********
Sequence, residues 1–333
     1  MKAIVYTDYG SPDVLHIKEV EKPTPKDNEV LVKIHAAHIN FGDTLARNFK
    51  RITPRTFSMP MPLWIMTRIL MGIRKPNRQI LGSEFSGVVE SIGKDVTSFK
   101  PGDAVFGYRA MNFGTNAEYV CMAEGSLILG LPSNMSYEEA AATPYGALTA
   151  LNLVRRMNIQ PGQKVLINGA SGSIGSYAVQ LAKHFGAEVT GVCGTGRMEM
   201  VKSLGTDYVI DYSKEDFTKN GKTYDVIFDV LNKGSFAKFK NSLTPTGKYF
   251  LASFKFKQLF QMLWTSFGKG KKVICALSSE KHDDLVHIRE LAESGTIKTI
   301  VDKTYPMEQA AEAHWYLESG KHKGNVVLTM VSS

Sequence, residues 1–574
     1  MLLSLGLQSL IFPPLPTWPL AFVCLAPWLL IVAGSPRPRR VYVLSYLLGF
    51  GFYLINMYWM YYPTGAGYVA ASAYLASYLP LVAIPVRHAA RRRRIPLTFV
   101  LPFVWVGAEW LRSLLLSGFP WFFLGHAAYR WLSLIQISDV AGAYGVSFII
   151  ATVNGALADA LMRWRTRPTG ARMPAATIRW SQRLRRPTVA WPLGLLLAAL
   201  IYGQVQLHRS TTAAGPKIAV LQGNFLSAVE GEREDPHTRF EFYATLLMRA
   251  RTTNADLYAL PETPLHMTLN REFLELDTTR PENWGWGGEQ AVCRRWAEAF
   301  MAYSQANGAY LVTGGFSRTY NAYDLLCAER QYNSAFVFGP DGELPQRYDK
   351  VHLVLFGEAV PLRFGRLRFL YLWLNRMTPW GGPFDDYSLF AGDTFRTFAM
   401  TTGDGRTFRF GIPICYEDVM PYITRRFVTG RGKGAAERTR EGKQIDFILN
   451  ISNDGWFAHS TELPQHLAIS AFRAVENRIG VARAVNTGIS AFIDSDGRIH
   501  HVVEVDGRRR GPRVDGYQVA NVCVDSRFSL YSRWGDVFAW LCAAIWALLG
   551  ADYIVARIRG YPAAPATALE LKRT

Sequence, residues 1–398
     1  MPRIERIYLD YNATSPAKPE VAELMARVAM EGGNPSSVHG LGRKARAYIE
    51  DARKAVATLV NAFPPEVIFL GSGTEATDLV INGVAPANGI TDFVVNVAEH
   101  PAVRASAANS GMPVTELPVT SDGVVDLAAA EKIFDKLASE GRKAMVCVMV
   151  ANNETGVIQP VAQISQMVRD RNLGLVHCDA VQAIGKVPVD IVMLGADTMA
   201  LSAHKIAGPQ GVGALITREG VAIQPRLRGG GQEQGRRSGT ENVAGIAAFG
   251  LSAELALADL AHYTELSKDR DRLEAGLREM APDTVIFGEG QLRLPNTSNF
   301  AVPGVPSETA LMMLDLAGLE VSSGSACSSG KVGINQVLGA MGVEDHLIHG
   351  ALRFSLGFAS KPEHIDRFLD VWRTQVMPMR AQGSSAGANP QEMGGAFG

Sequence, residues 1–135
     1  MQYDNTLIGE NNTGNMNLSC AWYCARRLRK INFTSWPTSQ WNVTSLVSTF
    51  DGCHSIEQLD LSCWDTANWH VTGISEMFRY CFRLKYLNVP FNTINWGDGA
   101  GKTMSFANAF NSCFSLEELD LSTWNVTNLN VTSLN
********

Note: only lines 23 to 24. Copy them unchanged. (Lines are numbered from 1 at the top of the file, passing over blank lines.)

     1  MPRIERIYLD YNATSPAKPE VAELMARVAM EGGNPSSVHG LGRKARAYIE
    51  DARKAVATLV NAFPPEVIFL GSGTEATDLV INGVAPANGI TDFVVNVAEH